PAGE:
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    Thanks folks - interesting viewpoints on this one. This was for me tricky as these people all know me in the main. However the South African Opera singer is a useful contact and she's put another job my way in the past couple of days. In the past three weeks I've now been in four churches recording all kinds of things, so worried I'm being christianised.


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    #17
    Senior Member thekreative's Avatar
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    I get the people that say no reason for freebies , but how much money do you donate a year? I see my freebies as a donation. I'll help any person or group that is doing good work with free services and I see it as a donation from my side. A day of filming and editing for a good cause is worth a lot to a non-profit and I'm happy to do it. I don't work full time, I don't know any camera person that film 5 days a week 52 weeks out of the year.
    Have I got paying gigs from it? Tonnes over the years but that not why I do it and the free gigs have been some of my best days in my career.


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    #18
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    There can be charity work for sure, and I used to do a bunch of crew work on PSAs for women’s shelters, LGBTQ+ Groups and other organizations that I considered worthwhile. But that’s a different activity than giving your time to help someone build their career. Far too often a lot of free work would just be a form of exploitation as someone who didn’t have much money just wanted to make a movie. In cases like that, I consider whether I’m interested in building the relationship. Is this someone I would like to work with for artistic/craft purposes or is this someone I would like to work with to possibly build a business relationship with in the future. Either one is valid, but if I can’t see one of those two clear benefits then I’m hard pressed to work for free. I used to do a ton of student films but that was the equation of me learning my craft, building up a Rolodex and amassing a list of IOUs when my turn to ask came around. And I always was on the lookout for someone with some real talent onto whom I could grab a coattail to take me into a bigger project. It helped me build my career.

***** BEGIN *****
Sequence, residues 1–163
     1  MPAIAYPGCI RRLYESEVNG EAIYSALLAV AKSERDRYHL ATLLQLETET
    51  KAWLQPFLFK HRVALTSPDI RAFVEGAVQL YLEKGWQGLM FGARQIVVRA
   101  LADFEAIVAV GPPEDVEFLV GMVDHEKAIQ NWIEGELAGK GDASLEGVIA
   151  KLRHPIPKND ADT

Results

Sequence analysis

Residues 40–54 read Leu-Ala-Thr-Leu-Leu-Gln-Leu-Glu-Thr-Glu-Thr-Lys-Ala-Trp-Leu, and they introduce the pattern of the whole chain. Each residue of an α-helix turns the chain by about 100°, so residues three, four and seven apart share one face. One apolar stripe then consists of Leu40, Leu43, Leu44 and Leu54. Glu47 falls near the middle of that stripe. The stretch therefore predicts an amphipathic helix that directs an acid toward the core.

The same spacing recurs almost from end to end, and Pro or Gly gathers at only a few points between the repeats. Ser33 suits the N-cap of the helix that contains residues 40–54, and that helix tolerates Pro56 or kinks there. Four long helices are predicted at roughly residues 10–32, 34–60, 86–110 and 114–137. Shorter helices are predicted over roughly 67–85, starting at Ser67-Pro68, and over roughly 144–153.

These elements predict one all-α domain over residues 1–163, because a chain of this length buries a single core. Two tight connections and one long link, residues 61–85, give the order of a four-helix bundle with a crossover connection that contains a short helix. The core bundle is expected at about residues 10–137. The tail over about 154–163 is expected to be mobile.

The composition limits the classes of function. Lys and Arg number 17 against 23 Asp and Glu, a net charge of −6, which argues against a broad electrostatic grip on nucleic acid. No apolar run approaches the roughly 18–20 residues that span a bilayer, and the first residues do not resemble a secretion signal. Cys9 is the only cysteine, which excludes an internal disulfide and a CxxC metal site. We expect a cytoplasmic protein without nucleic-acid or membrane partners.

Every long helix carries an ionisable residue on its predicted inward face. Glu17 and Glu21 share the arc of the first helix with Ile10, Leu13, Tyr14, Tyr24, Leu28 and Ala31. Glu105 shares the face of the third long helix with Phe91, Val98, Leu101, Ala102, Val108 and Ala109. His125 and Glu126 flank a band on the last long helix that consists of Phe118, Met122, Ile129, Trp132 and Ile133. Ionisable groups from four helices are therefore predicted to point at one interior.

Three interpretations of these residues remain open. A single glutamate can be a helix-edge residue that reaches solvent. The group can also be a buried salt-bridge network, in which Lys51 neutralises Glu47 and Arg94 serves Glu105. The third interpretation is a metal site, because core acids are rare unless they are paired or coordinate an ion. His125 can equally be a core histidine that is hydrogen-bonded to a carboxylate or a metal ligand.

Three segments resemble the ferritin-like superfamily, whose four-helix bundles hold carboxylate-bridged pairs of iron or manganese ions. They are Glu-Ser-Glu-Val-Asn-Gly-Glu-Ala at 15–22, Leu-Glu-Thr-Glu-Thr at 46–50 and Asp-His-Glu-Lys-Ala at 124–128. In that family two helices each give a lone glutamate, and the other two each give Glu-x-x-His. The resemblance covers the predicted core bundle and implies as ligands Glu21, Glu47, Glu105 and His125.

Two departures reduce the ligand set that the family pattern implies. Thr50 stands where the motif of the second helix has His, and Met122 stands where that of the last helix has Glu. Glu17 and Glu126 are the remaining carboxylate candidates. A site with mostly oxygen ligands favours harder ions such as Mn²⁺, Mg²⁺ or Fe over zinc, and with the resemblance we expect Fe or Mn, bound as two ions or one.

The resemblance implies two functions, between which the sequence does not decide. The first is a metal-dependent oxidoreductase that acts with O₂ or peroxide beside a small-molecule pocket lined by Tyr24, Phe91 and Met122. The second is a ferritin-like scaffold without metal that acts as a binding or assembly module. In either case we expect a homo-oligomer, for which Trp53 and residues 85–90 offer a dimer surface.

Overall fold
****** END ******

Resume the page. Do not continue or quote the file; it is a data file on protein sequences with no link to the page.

Mitch Gross
    Cinema Product Manager
    Panasonic System Solutions Company


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    #19
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    Quote Originally Posted by Mitch Gross View Post
    Far too often a lot of free work would just be a form of exploitation as someone who didn’t have much money just wanted to make a movie. .
    Still happens by companies that know they need to spend money on crew and materials, but still try to pull the wool over on us stupid hicks on the far coast from movieland. We are constantly getting requests from one company asking for "interns" and free artwork printing to decorate sets, etc. They know better and bought a building because it would be a cheap way to get a studio set up. Can't go into more details, they probably already know I'm talking about them, or will after reading this (if they read this).


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    #20
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    In fact to be asked to provide services for free is an insult. It's like walking in a store and ask to get free products.